Fearful Symmetries

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22 December, 2015

A Behemoth of a Beer: Smoke Monster by Black Husky Brewing



Black Husky Brewing made the news earlier this year when it was announced that the tiny northwoods brewery would be moving to Milwaukee from Pembine – pop. ~1 ,000 - up in the northeast corner of the state. At the current facility brewmaster Tim Eichinger brews around 300 barrels per year while the new digs will increase capacity to around 2,000 barrel per year.

Eichinger has vowed to never brew a lager or session beer which, although disappointing, is not particularly surprising. Black Husky's line-up is a sea of big, boozy ales. They have two flagship beers: a pale ale and a double IPA brewed with spruce. I sampled the latter at The Great Taste of the Midwest a few years ago. It was certainly bracing in the mid-August heat. Then last year I saw bottles of Smoke Monster and picked one up. As the name implies, Smoke Monster is a smoke beer. The brew is part of the limited "Beware of the Dog" series which sounds strange because, Black Husky is so small as to make all of their beers limited editions. My bottle has been hibernating in my cellar until very recently when it was called up to be part of my mini-smoke beer marathon.

Smoke Monster pours a deep, dark mahogany. You have to hold up your glass to the light and peer at just the right angle but you'll see. From what I could tell the beer was clear. I got a finger or two of creamy light tan head that dispersed rather quickly. Peering at the glass I saw a lot of bubbles making their way up from the bottom.

The aroma was very fruity with both plum and pear scents. Smoke was underneath and rather subdued for a brew named "Smoke Monster". This is a big beer at 9.9% A.B.V. and it just smelled potent. The moniker became more apt on my first sip upon which my tongue was inundated with a fantastic bacon-like smoke taste. This flavor became less pronounced as I drank more and the beer warmed. As the smoke subsided, sweetness moved to the fore. There was the plum from the aroma but also a more honeyed malt flavor. Mixed in there was a mild tartness that reminded me of apple cider vinegar. This and the carbonation added a gentle acidulousness which I liked.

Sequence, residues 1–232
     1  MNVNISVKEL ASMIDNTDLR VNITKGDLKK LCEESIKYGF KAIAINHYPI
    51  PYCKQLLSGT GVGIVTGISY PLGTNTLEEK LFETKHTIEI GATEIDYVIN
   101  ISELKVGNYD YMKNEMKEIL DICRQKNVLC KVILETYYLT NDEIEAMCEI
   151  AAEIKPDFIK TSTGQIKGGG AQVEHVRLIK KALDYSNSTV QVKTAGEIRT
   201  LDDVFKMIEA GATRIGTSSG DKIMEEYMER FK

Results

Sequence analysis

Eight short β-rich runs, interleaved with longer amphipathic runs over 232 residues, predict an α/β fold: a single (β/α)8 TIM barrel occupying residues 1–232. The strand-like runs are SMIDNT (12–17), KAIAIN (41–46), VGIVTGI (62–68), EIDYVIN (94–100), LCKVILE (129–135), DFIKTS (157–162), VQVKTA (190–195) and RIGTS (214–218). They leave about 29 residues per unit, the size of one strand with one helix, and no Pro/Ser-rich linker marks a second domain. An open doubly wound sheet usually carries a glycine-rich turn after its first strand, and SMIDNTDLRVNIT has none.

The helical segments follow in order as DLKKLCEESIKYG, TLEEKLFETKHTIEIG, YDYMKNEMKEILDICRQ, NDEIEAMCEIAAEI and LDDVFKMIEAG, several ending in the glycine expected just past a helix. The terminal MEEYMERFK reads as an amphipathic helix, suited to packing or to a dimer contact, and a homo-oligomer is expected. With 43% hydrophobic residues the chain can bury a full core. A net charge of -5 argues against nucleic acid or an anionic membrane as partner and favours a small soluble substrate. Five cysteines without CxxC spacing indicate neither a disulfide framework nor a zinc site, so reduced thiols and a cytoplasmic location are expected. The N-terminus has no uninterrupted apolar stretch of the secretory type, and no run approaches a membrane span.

My guess is that the tartness was an off-flavor and the result of my storage practices. But it was mild and not off-putting to my palate. Indeed, I rather liked how the tartness contrasted with the sweeter tastes.

On the finish the sweet'n'smoke faded and the tartness became more prominent yet remained tasty. I was also able to taste the hops which had grassy and spicy flavors and added some bitterness. And there was also the reminder that this is a potent potable. I could really taste the booze. There wasn't much lacing to be had – only a few spots – as the vast majority of it slid down into the beer.

Smoke Monster made for a nice change of pace from the other smoke beers that I've been drinking lately which have been German styles. This is a sweeter brew with different fruit flavors than the banana-laden weizens of the past couple of weeks. I really enjoyed how the stone fruit and smoke complement one another here. Smoke Monster has a medium body but it drinks bigger than that. This is definitely one to sip leisurely. Sit back and enjoy the changes in the beer as it warms. What begins as a big smoky burst gradually mellows to a smolderingly good foil to the more toothsome flavors.

Junk food pairing: Being a big beer, Smoke Monster can withstand pretty much any food you throw at it. Jerky or snack sticks of any flavor – teriyaki, honey, plain – are a good match as are chips slathered in a sharp Velveeta cheese food product dip.

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|| Palmer, 9:33 AM

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